TORONTO, Nov. 9, 2015 /CNW/ - The Mortgage Broker Regulators' Council of Canada (MBRCC) has developed materials to help borrowers better understand not only the mortgage transaction process, but also the regulatory expectations for mortgage brokers.
"Obtaining a mortgage is typically the largest financial commitment Canadians make," MBRCC interim-Chair Cory Peters noted. "Knowing the process and having a clear understanding of what to expect from your mortgage broker makes potential borrowers better prepared for such a significant decision."
Entitled Working with a Mortgage Broker, the MBRCC consumer education materials cover the key stages in getting a mortgage and highlights what you can expect from your broker throughout the process.
The stages of the mortgage transaction process identified in the materials include establishing the broker-borrower relationship, qualifying for a mortgage, providing the mortgage option(s) and submitting an application. For each key stage, the materials highlight the principles that ought to guide the activities of the broker, regulatory requirements, best practices as well as questions and considerations for the borrower.
Working with a Mortgage Broker can be found on the MBRCC website and includes a pamphlet version for mortgage brokers to print and use. It is accompanied by other types of consumer information provided by the MBRCC including Know your Mortgage Risks and Responsibilities, a document developed by the MBRCC to educate borrowers on the more significant considerations and implication when committing to a mortgage.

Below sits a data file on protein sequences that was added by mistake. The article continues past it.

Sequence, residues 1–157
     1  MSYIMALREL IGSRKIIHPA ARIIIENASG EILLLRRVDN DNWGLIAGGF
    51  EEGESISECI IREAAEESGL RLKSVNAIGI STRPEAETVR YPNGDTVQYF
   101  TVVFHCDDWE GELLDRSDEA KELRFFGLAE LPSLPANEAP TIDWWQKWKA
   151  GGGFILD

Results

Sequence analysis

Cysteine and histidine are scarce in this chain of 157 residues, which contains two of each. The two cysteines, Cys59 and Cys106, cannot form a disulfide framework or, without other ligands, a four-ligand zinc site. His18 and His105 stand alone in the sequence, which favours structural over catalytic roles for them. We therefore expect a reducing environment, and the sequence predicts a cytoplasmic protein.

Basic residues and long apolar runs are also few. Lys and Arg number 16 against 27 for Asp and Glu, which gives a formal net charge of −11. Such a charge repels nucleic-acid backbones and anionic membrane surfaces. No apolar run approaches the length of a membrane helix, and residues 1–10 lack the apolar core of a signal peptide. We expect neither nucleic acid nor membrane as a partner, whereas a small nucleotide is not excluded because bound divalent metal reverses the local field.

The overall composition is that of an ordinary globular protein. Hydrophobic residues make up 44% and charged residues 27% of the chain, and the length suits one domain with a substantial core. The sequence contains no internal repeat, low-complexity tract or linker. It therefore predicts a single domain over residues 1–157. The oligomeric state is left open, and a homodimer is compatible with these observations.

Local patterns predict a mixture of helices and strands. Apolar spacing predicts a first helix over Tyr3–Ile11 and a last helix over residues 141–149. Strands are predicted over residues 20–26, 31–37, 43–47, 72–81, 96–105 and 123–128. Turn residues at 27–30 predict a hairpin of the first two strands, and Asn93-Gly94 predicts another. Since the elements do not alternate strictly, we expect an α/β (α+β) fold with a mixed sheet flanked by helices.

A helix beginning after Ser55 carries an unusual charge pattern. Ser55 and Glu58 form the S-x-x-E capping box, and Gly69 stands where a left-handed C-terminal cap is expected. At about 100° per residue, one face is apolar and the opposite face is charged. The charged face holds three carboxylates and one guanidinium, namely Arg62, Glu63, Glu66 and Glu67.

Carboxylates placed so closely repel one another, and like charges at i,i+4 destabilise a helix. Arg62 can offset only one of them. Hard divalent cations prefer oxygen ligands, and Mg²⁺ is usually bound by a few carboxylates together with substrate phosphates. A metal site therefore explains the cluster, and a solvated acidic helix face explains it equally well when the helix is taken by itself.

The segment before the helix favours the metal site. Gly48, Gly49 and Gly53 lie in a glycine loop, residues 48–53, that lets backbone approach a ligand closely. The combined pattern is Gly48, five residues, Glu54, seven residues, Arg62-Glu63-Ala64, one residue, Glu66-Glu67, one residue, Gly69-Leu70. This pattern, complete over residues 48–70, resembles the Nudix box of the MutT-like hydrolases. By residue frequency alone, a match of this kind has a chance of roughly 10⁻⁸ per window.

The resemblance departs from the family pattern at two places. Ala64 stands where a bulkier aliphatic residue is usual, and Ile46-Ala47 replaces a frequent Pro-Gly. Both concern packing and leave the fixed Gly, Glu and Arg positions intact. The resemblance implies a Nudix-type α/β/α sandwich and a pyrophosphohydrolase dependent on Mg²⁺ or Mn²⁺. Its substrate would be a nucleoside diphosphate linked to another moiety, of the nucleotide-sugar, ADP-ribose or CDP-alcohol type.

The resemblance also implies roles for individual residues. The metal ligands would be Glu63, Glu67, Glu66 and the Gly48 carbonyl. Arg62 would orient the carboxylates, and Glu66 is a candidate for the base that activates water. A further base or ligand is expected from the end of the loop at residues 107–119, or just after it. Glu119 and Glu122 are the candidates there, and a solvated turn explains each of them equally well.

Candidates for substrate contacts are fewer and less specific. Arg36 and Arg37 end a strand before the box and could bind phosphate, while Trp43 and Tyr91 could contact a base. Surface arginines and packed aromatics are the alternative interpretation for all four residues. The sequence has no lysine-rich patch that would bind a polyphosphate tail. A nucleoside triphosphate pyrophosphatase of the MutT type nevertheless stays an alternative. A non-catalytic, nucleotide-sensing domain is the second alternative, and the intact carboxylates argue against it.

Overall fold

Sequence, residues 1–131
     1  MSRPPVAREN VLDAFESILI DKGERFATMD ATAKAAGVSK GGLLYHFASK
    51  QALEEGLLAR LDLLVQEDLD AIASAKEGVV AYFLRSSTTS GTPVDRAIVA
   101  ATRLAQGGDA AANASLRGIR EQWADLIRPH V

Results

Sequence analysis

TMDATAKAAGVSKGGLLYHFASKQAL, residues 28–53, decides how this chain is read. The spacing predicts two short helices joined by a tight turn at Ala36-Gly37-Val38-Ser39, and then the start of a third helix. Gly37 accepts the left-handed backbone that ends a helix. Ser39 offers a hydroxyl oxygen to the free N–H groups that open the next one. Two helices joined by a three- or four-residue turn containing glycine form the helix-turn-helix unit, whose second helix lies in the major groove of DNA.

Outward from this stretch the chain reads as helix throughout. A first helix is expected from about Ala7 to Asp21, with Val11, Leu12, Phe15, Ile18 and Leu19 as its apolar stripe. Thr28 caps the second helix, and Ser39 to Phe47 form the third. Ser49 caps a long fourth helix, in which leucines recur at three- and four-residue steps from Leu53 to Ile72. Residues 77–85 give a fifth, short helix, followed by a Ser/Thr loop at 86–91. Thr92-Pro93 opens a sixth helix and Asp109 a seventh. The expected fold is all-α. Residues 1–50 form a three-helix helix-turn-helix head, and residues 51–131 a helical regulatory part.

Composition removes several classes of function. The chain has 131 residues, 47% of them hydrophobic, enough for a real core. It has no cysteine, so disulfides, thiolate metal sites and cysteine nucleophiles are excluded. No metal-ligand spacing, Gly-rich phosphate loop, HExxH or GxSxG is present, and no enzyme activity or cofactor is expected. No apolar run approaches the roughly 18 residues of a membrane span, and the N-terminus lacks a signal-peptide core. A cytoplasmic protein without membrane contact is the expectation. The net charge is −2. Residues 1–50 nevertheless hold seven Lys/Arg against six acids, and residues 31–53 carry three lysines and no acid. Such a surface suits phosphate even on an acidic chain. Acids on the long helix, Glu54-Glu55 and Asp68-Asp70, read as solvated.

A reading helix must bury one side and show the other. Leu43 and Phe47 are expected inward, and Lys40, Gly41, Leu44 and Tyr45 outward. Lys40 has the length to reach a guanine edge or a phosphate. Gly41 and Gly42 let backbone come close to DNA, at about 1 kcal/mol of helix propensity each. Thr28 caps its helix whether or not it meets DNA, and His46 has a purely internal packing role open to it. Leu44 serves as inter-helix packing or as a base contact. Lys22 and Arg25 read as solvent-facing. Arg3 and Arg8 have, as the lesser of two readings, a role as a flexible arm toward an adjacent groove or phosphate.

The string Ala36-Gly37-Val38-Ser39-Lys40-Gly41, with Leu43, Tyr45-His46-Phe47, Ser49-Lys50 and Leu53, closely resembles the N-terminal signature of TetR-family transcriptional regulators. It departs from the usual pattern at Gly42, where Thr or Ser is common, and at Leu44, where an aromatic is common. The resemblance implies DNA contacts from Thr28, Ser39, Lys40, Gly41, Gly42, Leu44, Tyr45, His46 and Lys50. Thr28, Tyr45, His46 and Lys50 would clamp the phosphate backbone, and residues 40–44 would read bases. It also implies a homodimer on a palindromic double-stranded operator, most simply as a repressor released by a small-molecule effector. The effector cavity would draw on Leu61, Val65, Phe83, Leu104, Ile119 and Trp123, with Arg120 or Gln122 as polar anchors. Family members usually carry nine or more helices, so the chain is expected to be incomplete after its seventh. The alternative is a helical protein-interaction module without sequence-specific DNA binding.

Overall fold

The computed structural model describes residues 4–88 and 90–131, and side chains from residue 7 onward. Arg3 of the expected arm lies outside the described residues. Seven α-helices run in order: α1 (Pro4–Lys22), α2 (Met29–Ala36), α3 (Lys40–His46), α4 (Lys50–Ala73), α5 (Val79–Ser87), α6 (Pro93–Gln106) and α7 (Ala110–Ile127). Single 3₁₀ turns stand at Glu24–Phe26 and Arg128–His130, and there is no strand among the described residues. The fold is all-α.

About the MBRCC
The MBRCC is an inter-jurisdictional association of mortgage broker regulators that seeks to improve and promote harmonization of mortgage broker regulatory practices to serve the public interest. Its members work together and with stakeholders to identify trends and address common regulatory issues through national solutions that support consumer protection and an open and fair marketplace.
MBRCC members represent the nine provinces that currently have legislative and regulatory frameworks governing mortgage brokers or have an interest in developing one; British Columbia, Alberta, Saskatchewan, Manitoba, Ontario, Quebec, New Brunswick, Nova Scotia and Newfoundland & Labrador.
SOURCE Mortgage Broker Regulators' Council of Canada
For further information: Shani Ratnapala, Mortgage Broker Regulators' Council of Canada, [email protected], 416-590-2036; Stéphanie Fournier, L'Organisme d'autoréglementation du courtage immobilier du Québec, [email protected], 1-800-440-7170 ext. 8693